Literary Dispatches from London: Beatrix Potter and Peter Rabbit

As a kid, I loved Peter Rabbit. He was naughty and fun. Stories about him in Mr. McGregor’s garden were engaging, but Potter’s drawings were really what makes the books so engaging and unique. Whether it is The Tale of Peter Rabbit, Squirrel Nutkin, or Jemima Puddle-Duck, there is nothing dumbed down for kids. The illustrations were detailed and real, and they helped tell the story. You could get lost in those drawings. Reading them as a kid, and then rediscovering them with my own children has been a joy. It wasn’t, however, until I traveled to her home in the Lake District of England that I came to appreciate how remarkable Beatrix Potter was as an artist, writer, and person on the leading edge of feminism and environmentalism long before those terms were ever coined.


Beatrix Potter was born in 1866 to a wealthy London family, whose grandparents were from Scotland. In addition to writing over thirty books, Potter is also known as a conservationist.  As a teenager, she fell in love with the Lake District, which is a mountainous region in North West England. It’s about a 2-3 hour ride on the train and about a 6 hour car ride depending on where in the Lake District you’re going. For our Beatrix Potter day, we took the train and hooked up with Mountain Goat tours in Windmere. (  It was a beautiful summer day and easy to understand why the area has been a popular escape from London for over a hundred years. I took a lot of photographs as we toured the area, but few really did it justice. It is one of those places that is so vast that a picture doesn’t capture its essence.

One of our first stops was to Wray Castle, which overlooks Lake Windmere. Although it looks medieval circa the 1300s, the castle was actually built by a prominent London surgeon in 1840.  I guess the guy just really liked castles. Anyway, about 40 years later in 1882, Beatrix Potter lived in the castle for the summer with her family. It was a vacation and an escape from the pace of London life. She was 16 at the time, and that was the beginning of her family’s trips to the Lake District and her eventual purchase of a home and later work preserving the area’s natural beauty.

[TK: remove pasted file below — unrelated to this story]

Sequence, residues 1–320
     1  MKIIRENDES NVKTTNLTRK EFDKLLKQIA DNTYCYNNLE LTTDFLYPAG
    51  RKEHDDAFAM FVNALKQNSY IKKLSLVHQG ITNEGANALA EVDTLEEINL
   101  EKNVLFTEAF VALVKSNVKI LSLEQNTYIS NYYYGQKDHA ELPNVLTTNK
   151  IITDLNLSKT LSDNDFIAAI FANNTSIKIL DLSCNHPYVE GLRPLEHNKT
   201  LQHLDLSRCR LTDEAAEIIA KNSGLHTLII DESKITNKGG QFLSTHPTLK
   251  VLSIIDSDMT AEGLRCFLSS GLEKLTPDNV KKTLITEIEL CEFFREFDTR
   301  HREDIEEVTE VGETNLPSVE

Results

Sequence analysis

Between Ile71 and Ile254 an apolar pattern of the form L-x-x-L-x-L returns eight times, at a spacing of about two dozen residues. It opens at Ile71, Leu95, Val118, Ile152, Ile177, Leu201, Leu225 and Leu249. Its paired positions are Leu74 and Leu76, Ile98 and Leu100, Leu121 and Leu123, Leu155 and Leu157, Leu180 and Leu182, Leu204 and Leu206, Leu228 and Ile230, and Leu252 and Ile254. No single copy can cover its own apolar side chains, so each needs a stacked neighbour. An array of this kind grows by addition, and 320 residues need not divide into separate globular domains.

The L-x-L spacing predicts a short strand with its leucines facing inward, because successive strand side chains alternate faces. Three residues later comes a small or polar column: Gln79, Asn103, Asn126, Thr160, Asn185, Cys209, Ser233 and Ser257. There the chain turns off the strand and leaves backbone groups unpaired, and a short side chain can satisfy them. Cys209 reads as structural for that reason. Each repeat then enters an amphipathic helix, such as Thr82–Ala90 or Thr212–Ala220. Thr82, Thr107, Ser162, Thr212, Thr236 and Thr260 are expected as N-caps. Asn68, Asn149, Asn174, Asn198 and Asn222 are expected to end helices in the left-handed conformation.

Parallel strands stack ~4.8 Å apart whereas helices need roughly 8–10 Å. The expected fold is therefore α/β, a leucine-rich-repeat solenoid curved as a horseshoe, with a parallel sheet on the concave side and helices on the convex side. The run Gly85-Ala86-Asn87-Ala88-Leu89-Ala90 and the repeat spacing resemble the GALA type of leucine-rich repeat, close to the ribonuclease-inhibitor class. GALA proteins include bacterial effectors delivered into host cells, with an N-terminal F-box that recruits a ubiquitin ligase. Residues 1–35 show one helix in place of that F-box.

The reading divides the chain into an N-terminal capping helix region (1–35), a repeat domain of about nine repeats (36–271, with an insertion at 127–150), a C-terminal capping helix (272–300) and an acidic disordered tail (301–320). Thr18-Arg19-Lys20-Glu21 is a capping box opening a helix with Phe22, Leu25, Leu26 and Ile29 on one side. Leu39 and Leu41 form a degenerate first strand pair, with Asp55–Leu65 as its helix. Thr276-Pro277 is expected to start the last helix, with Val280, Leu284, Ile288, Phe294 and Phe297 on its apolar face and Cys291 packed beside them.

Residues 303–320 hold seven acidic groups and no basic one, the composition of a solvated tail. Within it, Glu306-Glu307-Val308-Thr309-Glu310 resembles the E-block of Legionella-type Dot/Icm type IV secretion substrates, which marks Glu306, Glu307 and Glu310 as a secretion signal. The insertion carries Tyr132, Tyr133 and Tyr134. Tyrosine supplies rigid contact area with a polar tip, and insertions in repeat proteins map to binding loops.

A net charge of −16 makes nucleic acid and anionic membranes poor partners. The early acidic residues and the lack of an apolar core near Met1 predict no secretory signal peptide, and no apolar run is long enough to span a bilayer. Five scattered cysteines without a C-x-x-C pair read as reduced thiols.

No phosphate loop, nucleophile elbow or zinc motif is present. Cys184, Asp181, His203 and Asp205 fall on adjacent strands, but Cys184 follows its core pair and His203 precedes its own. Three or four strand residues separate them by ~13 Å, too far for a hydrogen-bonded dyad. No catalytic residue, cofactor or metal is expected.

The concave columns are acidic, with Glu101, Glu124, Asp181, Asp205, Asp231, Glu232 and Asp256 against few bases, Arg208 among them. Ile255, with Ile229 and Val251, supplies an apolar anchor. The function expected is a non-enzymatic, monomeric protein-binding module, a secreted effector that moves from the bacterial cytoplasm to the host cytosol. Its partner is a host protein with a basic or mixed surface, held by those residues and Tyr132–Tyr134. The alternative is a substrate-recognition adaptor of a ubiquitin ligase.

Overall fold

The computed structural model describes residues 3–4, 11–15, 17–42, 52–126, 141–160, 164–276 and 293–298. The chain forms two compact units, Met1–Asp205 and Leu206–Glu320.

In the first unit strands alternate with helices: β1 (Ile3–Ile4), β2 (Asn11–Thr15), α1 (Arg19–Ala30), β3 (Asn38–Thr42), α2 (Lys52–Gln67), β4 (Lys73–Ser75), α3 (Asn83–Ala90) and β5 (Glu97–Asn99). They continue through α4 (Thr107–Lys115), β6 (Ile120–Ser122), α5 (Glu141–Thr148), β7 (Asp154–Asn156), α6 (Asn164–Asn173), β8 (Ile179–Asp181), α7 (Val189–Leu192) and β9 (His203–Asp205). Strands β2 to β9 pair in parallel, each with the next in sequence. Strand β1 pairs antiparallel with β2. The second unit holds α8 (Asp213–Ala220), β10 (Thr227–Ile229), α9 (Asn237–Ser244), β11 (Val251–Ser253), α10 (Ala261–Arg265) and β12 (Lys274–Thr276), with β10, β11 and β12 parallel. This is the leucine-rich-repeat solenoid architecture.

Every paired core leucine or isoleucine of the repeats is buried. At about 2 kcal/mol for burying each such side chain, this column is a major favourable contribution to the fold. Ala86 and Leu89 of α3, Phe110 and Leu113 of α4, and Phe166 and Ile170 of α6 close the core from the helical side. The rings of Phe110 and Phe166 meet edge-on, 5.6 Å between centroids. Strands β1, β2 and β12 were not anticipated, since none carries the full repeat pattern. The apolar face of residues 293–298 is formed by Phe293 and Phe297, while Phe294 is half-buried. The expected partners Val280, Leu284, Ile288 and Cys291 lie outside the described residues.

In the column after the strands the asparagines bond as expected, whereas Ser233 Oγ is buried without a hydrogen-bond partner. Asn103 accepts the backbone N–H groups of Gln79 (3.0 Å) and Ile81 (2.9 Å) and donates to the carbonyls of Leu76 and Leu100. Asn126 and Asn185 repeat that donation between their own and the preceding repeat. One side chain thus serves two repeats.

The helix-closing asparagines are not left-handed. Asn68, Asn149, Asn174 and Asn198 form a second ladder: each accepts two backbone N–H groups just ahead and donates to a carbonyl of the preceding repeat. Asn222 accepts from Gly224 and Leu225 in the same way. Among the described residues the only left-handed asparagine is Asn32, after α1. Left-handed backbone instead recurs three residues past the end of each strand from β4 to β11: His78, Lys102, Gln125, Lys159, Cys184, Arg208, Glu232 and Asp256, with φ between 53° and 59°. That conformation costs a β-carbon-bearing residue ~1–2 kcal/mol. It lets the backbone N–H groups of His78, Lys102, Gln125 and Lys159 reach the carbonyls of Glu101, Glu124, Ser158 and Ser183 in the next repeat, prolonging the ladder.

After Wray Castle, we went to Hill Top. This is where Beatrix Potter lived and created most of her stories. As a writer, it was amazing to see where Beatrix Potter wrote and drew her illustrations. Reading her books, I imagined what Mr. McGregor’s garden and the area looked like. It was stunning to realize that the place I imagined was real. The small shops, gardens and hills where the animals had their adventures were not just conjured by Beatrix Potter. She created the stories from the environment where she lived. It was a reminder to me that the best stories don’t come entirely from fantasy, there are elements of reality in even the most fantastic fiction.

After visiting Hill Top, we ate lunch in Hawkshead. This is a small town where the poet William Wordsworth went to grammar school, and then we took in the natural beauty of the Beatrix Potter country with a trip up into the mountains and cruise on the lake. 

The preservation of the Lake District is, perhaps, Potter’s greatest contribution. In the late 1800s and early 1900s, she was at the cutting edge of using animals as a form of land management. She raised Herdwick Sheep, and she also used her wealth to purchase farmsteads, preventing the area’s overdevelopment and fostering traditional farming practices. Upon her death, Potter left all her land and her original drawings to The National Trust. Through the trust, Potter’s vision and legacy continues. It’s very safe to say that without Beatrix Potter, the Lake District would not look the way that it does today. There are no highways, large resorts, or mountain sides cut up into individual housing developments. It is largely the way it was when Beatrix Potter stayed in Wray castle as a 16 year old, and that is how it will continue to be.      

JD Trafford is the award winning author of six novels, including “Little Boy Lost” which has sold over 100,000 copies worldwide. His latest best-selling legal thriller “Without Precedent” is available now. You can learn more about or purchase J.D. Trafford’s books at

JD Trafford